6. Xenia

    Xenia Adelaide Property Manager Business Member

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    some of the best shop fitters, developers, builders are women.

    Like law and medicine where it is now very much a female area, more women now getting into trades.

    My best friend is a builder / commercial fit out specialist, she wins large contracts over male competitors because people love to work with women. Especially other women.
     
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  7. D.T.

    D.T. Adelaide Property Manager Business Member

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    That's awesome skater. Always proud of young people putting in the yards to find what works for them. Inherited that trait from her parents no doubt.
     
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  8. Jacque

    Jacque Buyers Agent and Bookworm, Sydney Business Member

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    Well done Deb to you and your daughter- great role models for parents also help and you've both done an awesome job obviously :)
     
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  9. JenW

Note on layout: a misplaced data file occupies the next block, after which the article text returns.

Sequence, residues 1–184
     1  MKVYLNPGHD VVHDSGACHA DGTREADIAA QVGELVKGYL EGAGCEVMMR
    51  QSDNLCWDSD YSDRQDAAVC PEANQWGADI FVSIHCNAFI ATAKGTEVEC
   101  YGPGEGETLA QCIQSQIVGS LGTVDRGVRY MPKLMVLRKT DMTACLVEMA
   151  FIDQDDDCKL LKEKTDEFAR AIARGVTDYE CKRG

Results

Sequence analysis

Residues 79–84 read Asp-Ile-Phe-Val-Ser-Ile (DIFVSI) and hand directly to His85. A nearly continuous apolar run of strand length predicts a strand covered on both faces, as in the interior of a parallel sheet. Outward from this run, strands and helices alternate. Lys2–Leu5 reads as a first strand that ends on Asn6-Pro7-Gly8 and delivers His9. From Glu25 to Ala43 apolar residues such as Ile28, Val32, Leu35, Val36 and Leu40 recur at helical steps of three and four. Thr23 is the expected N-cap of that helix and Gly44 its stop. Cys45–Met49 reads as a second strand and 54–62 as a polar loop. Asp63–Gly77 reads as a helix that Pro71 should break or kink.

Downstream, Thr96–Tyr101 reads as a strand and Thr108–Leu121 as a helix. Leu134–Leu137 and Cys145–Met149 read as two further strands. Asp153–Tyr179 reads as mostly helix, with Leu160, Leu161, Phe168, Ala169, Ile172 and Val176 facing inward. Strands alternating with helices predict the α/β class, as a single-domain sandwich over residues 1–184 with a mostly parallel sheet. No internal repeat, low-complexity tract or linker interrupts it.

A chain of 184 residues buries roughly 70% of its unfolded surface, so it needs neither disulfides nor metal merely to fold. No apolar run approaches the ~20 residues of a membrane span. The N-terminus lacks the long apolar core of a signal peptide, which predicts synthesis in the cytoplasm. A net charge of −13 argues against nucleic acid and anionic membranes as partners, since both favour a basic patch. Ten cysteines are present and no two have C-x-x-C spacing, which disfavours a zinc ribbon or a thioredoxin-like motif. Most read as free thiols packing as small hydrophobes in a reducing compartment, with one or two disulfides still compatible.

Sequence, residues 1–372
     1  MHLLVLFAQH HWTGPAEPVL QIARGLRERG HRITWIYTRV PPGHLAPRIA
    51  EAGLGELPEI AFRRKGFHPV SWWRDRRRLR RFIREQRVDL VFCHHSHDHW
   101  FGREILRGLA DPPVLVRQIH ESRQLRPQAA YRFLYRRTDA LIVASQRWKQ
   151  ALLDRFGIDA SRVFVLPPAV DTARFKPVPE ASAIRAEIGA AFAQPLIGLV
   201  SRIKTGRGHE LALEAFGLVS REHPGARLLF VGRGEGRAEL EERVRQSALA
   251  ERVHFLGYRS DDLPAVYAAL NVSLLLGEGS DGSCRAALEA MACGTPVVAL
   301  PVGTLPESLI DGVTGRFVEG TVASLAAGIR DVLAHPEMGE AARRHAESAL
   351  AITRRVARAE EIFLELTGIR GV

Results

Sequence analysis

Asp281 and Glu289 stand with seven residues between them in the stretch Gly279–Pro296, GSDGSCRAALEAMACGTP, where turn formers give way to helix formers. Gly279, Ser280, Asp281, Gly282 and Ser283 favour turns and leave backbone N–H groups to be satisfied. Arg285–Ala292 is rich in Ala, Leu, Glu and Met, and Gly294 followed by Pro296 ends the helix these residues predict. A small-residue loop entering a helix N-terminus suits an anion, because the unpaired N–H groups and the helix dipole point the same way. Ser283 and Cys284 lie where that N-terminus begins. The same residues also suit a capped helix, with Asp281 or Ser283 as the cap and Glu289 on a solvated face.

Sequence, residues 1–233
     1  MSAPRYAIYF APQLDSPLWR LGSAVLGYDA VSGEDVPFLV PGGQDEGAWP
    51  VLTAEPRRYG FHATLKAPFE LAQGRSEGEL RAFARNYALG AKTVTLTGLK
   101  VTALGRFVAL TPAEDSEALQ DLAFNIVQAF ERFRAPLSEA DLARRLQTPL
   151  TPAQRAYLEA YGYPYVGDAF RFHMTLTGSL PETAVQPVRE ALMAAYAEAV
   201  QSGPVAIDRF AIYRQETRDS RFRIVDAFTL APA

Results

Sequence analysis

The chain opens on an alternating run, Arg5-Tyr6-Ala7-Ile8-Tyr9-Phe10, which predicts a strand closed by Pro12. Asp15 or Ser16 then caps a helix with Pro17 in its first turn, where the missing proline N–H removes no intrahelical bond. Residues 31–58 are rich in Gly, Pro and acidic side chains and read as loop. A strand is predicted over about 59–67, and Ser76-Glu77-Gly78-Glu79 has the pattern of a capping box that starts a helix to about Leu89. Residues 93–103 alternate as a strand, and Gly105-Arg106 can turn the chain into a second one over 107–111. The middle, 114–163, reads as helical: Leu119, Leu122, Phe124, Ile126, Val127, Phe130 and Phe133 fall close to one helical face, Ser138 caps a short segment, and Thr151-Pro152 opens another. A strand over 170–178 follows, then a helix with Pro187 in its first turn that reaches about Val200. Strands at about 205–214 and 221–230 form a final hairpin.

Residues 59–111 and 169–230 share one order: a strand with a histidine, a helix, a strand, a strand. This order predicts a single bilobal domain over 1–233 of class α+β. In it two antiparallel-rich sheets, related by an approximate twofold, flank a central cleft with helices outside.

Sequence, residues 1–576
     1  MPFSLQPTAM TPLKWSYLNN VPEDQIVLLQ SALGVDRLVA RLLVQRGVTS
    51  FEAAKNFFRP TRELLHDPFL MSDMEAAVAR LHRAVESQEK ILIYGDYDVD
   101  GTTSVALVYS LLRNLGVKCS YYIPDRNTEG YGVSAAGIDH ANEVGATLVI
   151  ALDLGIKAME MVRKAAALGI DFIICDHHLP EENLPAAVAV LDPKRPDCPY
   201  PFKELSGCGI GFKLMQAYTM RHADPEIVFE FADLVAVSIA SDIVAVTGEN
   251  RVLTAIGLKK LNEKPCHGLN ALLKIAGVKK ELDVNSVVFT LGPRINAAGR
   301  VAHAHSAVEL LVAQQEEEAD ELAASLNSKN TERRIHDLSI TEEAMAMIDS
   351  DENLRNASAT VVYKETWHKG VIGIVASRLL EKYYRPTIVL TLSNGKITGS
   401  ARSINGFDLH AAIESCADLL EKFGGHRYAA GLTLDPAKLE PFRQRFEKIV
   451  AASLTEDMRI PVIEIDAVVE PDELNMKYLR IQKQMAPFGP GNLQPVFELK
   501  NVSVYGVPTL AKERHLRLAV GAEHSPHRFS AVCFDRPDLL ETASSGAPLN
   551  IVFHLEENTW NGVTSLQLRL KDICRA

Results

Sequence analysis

JenW Well-Known Member

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    Fantastic news. The fact that your kids are happy in what they do is just the best thing a parent could hear :)
     
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  10. Depreciator

    Depreciator Moderator Staff Member

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    One especially good thing that shop fitters learn is speed. They are always under a lot of pressure to get a job done quickly so a shop/café/restaurant/office can open. They end up with a broader range of skills than people who work on houses, too. And they are familiar with a much greater array of materials. They can make a lot of money.
     
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  11. wylie